The fourth episode of Star Trek The Next Generation is an episode called “Code of Honor”; where the leader of the Ligonians abducts Tasha Yar. It originally aired on October 12, 1987.
The story was originally pitched by Katharyn Powers and Michael Baron and evolved into a 1940’s tribal Africa theme story. The episode itself wasn’t very well received by the crew, but others believed the basic premise held some promise.
The Enterprise arrives at the planet Ligon II to acquire a vaccine needed to combat an outbreak of Anchilles fever on Styris IV. The crew, possessing little information on the Ligonian culture, finds it follows strict customs of status similar to ancient Africa. Specifically, while the men in their culture rule society, the land itself is controlled by the women.
Lutan, the Ligonian leader, transports up to the Enterprise to provide a sample of the vaccine, and is impressed by Lt. Tasha Yar’s status as head of security. Tasha further demonstrates her aikido skills against a holographic opponent for Lutan on the holodeck. After a tour of the ship, Lutan and the Ligonians abduct Tasha as they transport back to the surface.
Captain Picard demands that Lutan return Lt. Yar, considering the kidnapping an act of war, but receives no response from the planet. After consultation with his officers, Picard determines that Lutan took Yar in a “counting coup” as a show of heroism. Picard contacts Lutan in a more peaceful manner, who grants permission for the Enterprise crew to beam down to the planet and promises to return Tasha after a banquet in his honor.
Lutan announces at the banquet that he will make Tasha his “first one”, surprising not only the Enterprise crew but also Yareena who believed she was already selected by Lutan. Yareena challenges Tasha to a fight to the death to claim back the position and while Picard objects to the fight, Lutan refuses to give the Enterprise the rest of the vaccine unless Tasha participates.
The crew investigates the combat ritual and find that the weapons used are coated with a lethal poison, and also that it is Yareena’s wealth to which Lutan owes his position. Picard prepares to have Tasha beamed to the Enterprise should she be harmed in the battle. As the match progresses, both Yareena and Tasha are equally skilled, but Tasha eventually lands a strike on Yareena. Tasha quickly covers Yareena and orders the transport of both of them to the Enterprise against the demands of Lutan.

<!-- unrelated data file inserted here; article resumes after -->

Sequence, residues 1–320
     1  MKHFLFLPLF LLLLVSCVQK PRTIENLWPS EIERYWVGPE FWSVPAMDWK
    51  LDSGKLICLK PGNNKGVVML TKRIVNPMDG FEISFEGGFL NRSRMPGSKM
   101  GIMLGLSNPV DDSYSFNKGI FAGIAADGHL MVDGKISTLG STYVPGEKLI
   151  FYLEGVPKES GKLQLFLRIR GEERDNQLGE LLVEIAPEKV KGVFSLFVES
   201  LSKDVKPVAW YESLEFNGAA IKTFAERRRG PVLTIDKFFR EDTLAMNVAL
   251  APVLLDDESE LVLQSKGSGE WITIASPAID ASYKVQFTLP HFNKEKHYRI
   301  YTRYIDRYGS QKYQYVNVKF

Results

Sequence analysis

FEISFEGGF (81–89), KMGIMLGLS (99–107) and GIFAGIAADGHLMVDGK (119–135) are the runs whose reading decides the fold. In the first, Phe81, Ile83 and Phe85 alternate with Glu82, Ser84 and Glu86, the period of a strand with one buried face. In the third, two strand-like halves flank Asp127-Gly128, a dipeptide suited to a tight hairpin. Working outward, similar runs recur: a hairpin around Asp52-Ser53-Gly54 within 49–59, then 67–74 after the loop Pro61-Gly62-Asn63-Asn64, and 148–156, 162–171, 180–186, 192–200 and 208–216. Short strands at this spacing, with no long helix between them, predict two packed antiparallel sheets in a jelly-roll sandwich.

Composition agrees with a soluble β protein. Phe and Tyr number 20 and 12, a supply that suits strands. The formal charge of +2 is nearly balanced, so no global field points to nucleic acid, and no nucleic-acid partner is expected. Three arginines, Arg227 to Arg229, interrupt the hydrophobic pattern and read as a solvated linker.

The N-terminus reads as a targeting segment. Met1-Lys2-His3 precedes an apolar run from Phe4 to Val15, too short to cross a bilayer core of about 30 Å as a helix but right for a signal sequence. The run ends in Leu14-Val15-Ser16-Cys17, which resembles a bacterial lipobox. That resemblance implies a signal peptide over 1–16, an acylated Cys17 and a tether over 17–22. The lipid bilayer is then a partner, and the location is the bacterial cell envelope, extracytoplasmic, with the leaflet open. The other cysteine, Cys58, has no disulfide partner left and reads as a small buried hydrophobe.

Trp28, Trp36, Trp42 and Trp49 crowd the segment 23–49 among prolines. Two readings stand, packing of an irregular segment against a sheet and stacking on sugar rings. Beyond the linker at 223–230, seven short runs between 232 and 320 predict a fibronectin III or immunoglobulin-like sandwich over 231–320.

Aboard the Enterprise, Dr. Crusher reaches Yareena moments after death, but is able to counteract the poison and revive her. When Lutan demands to know the fate of Yareena, Crusher reveals that Yareena died, thus ceding the match to Tasha and breaking the “first one” bond. Yareena is now free to select a new mate; she chooses Hagon, one of Lutan’s bodyguards, and effectively strips Lutan of his position of power. Hagon lets Tasha go and gives the Enterprise their full supply of vaccine.
Star Trek The Next Generation – Code of Honor
First Aired: October 12, 1987
Season 1 / Blu-ray and DVD
Written By: Kathryn Powers & Michael Barton
Directed By: Russ Mayberry
TNG Tid Bit:
First time we see Patrick Stewart hitching down his uniform in frustration.
Patrick Stewart as Captain Jean-Luc Picard
Jonathan Frakes as Commander William T. Riker
Brent Spiner as Lt. Commander Data
LeVar Burton as Lt. Commander Geordi LaForge
Gates McFadden as Doctor Beverly Crusher
Michael Dorn as Lieutenant Worf
Marina Sirtis as Counselor Deanna Troi
Denise Crosby as Lieutenant Tasha Yar
Wil Wheaton as Wesley Crusher
Jessie Lawerence Ferguson as Lutan
Karole Selmon as Yareena
James Louis Watkins as Hagon
Michael Rider as Transporter Chief
Categories: Star Trek, The Next Generation
This episode was considered racist when it first aired by some groups because of the stereotype portrayal of African culture. I tend to agree with that. For me it suffered all the problems of the first series despite the very promising start with “Encounter at Farpoint”. The sets were campy, Picard was hot headed and the show lacked maturity. That being said a few good scripts did make their way in and kept the show’s potential alive. After being such a groundbreaking show in the 1960s with the way it tackled racism this episode must have seemed like the new show was taking a step back to trekkies.